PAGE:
Sharp exchanges between candidates, moderators mark Newport News School Board debate

NEWPORT NEWS — Candidates for the Newport News School Board engaged in a sharp debate Thursday night at the school division's administration building that included repeated terse exchanges between the moderators and candidates.

The debate was hosted by the Southern Christian Leadership Conference and moderated by Bill Thomas, director of governmental relations at Hampton University, and Newport News City Councilwoman Pat Woodbury.

Candidates were asked questions about what the school division can do to improve standardized test scores and whether or not the school division should embrace city efforts to combat gangs.

Thomas and Woodbury repeatedly interjected into candidates' statements to draw on their own experiences. At one point, Thomas engaged in a lengthy exchange with incumbent school board vice chairman Jeff Stodghill, who is running for the Central District seat against former board member Betty Dixon.


View/Submit Comments for this story

Stodghill argued the school division had made progress during the past four years.

"I don't believe we're failing," he said. He noted the state had raised benchmarks and the school division faces "a continually raising high bar."

Thomas cut Stodghill off. "If you don't think we're failing, that's not true," Thomas told Stodghill. "I'm in the business of education. I've been there for 20 to 30 years now. Our children cannot write, they cannot read with comprehension, they cannot get into college at [Hampton University] at Christopher Newport. It's not happening.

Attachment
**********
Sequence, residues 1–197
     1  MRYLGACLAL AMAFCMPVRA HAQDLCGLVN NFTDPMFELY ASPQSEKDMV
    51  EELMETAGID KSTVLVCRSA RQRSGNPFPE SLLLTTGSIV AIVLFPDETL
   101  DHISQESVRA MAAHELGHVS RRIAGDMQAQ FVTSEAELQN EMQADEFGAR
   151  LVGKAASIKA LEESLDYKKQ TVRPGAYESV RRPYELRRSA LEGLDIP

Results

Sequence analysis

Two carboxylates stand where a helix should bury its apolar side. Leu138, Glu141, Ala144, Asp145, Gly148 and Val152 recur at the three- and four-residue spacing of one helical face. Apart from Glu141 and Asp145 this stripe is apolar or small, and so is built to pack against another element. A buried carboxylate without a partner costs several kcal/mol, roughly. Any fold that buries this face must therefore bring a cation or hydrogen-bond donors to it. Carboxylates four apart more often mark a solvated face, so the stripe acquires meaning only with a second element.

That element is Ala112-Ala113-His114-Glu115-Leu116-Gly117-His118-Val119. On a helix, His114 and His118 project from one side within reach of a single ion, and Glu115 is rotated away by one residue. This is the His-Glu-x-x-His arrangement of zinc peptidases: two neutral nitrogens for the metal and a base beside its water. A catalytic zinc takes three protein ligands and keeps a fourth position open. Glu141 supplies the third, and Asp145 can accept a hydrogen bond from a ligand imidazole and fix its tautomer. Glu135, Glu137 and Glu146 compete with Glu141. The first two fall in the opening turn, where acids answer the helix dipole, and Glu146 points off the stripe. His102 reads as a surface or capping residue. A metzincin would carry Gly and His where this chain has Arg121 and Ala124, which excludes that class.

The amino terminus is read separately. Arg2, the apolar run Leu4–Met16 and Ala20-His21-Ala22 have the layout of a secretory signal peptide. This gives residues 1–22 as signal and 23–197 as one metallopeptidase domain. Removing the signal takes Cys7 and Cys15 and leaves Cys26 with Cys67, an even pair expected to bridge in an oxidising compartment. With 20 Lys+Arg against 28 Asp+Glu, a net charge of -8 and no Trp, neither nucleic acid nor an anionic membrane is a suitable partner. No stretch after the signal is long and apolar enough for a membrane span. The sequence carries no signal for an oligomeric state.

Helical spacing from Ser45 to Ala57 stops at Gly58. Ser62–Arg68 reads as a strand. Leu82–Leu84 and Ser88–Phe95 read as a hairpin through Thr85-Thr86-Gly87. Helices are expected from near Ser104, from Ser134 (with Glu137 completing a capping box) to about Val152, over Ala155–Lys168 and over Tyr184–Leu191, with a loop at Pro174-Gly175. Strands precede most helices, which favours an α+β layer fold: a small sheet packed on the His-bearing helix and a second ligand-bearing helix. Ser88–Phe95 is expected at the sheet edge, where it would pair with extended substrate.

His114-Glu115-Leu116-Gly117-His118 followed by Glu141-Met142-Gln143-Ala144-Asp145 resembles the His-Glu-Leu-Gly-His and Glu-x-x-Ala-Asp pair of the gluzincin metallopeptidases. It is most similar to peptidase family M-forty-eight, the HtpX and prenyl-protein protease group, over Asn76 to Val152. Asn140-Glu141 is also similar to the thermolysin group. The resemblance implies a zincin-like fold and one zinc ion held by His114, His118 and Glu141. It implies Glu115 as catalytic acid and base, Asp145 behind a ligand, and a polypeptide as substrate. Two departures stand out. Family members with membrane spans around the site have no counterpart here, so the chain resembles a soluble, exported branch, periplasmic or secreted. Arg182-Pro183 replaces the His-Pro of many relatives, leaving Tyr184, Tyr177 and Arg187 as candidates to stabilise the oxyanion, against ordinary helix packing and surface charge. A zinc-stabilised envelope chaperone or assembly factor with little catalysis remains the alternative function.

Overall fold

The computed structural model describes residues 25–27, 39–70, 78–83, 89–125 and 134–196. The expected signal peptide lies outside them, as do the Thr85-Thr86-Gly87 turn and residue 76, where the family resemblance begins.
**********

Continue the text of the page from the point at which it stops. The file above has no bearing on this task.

"I didn't want to come here tonight because I see failure. I think they're a failure and no different from Norfolk or Chicago or New York."

Thomas also took issue when Curtis Bethany III, who is running for the open at-large seat, described Standard of Learning tests as difficult. Thomas said he had taken an unspecified SOL test and found them to be "simple."

Bethany asked Thomas when he had taken the SOL. "About eight years ago," Thomas said.

Woodbury asked candidates if they would support using school division resources to support the city's anti-gang initiatives. Woodbury said in her experience on the School Board, the division discouraged teachers from writing discipline referrals because it would make "statistics look bad."

Rick Jones, running for the at-large seat, said "gangs don't just happen in neighborhoods, they happen in schools." Dixon said she believed gangs were a more prevalent issue than being reported in schools.

Pricillia Burnett, an incumbent board member running for the North District, said she didn't believe school resources should be used to "criminally process" gang members, but to give them options in alternative schools.

Thomas said in closing remarks that he wanted to "ring the alarm" about the condition of schools in the city and the country.

After the debate, Gary Hunter, also running for the at-large seat, said he was surprised at the tone of the moderators.

"I thought it was a little hostile," Hunter said. "I didn't like that (Thomas) called our schools a failure."

Douglas Brown, running for the North District seat against Burnett, said he thought Thomas' remarks didn't "strike the right tone."

Stodghill said the debate underscored larger disagreements happening throughout the nation.

"I didn't come here and expect a nice calm water event," Stodghill said.

Bogues can be reached by phone at 757-247-4536.